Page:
I’ve written this, deleted it, and rewritten this a few times over now. I’m going to just boil this down to something pretty simple.
Local name resolution has been broken out of the box in Ubuntu since Ubuntu started doing that whole local DNS caching bullshit. Preferably, I’d like to figure out how to work with their local caching system so that lookups are forwarded to the first DNS server provided by DHCP.
If that can’t be done, I need a reliable way to kill local DNS caching in 17.10. They changed it again. Used to be you would just remove an entry in network-manager’s configuration file. In more recent version, that entry doesn’t exist anymore, and instead you have to disable systemd-resolved. In 17.10, neither of those methods work.
Thoughts and opinions?
Are you saying you can’t specify an address in resolv.conf (and just write-protect it)?
I was hoping to find a way to either work with whatever application is writing resolv.conf, or properly disable the application that is writing resolv.conf. But I could give this a shot and see if any problems arise from it.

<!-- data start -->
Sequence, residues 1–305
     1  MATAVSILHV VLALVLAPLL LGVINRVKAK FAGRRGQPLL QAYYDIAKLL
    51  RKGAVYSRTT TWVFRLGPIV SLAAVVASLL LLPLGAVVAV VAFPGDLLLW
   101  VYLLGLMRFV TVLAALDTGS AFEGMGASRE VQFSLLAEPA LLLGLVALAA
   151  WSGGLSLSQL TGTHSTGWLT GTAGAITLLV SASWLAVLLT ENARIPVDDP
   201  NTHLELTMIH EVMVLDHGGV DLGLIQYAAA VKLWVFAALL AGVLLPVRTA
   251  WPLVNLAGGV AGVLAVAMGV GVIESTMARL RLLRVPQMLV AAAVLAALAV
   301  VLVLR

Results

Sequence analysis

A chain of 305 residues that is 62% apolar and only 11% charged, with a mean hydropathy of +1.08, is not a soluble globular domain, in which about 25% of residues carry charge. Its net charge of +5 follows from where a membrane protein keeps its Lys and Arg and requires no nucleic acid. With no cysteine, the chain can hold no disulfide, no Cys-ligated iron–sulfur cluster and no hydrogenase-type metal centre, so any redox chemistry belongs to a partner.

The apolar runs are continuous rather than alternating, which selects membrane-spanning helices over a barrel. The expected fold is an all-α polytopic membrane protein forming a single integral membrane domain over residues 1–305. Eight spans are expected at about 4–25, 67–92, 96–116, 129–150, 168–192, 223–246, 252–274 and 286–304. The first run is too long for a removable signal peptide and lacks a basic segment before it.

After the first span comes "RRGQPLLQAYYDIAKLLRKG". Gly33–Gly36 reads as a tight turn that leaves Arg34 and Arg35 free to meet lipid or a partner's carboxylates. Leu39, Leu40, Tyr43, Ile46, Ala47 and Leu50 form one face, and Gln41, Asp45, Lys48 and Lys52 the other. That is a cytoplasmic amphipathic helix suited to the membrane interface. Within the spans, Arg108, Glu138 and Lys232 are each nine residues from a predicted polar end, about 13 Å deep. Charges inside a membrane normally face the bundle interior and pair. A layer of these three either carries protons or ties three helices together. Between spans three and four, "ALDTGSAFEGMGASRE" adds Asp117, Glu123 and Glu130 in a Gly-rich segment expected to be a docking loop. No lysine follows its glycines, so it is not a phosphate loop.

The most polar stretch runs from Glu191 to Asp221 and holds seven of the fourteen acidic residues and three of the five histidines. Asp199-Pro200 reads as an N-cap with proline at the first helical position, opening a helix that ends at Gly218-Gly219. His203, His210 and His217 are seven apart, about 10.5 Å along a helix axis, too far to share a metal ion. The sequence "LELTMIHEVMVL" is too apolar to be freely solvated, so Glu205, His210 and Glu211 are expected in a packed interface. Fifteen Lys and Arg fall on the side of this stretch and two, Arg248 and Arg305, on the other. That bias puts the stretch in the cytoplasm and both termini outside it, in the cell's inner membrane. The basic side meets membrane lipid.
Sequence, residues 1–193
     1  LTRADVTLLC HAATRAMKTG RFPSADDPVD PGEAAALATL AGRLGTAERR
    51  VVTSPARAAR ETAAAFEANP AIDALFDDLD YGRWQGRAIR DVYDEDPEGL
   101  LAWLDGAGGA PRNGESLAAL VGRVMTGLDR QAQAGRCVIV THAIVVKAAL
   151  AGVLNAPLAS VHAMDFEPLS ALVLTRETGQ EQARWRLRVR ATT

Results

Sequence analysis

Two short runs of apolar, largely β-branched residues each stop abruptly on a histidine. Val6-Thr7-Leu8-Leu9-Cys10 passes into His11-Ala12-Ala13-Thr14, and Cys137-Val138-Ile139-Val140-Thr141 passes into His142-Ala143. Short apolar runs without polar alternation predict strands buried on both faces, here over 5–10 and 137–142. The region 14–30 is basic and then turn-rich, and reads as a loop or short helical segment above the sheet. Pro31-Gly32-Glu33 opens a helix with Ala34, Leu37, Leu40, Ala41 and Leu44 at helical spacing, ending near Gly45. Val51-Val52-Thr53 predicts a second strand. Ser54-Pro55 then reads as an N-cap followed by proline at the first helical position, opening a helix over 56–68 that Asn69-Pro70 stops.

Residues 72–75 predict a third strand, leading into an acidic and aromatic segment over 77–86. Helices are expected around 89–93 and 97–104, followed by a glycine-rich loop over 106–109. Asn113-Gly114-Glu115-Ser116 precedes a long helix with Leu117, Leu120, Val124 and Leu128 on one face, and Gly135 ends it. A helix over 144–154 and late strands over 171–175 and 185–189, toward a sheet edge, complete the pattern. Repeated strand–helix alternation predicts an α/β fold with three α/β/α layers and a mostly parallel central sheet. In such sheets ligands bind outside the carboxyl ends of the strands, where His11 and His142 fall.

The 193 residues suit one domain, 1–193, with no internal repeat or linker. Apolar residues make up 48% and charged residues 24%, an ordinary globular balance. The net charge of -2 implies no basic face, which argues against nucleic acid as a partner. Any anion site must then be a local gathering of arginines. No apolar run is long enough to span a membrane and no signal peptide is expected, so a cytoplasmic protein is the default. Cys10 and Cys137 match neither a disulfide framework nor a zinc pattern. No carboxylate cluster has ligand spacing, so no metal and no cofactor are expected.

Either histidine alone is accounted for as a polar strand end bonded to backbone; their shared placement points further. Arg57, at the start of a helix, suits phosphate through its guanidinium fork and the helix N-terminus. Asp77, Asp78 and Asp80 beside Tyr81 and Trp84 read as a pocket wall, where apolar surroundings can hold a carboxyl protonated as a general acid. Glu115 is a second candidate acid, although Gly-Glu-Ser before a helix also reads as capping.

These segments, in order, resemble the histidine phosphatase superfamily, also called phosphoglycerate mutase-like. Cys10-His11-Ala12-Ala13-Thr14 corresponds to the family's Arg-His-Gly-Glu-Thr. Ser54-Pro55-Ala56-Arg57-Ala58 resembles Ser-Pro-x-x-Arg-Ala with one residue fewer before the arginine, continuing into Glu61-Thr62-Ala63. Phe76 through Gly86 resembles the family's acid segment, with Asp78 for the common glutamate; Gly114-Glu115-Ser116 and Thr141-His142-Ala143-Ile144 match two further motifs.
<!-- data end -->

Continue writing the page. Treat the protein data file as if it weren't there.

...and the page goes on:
Thinking on this a little more, this actually isn’t an option. If I take my machine elsewhere, like say I take my laptop somehwere, or take my desktop to a LAN party or something, then I need to manually edit resolv.conf to update the first nameserver entry so I’m not constantly trying to talk to a DNS server that doesn’t exist on the LAN I’m currently on.
It’s far better to just be able to use the DNS servers provided by DHCP dynamically.
Then you should remove the package that handles the caching and querying. Not familiar with Ubuntu but all my systems write the default entry in resolv.conf as 192.168.1.1, so ¿dhcpcd? writes the first DNS resolver it finds, and I have no caching process installed on end-devices.
My guess would be it’s dnsmasq. Check if you got it installed and if you do, remove it.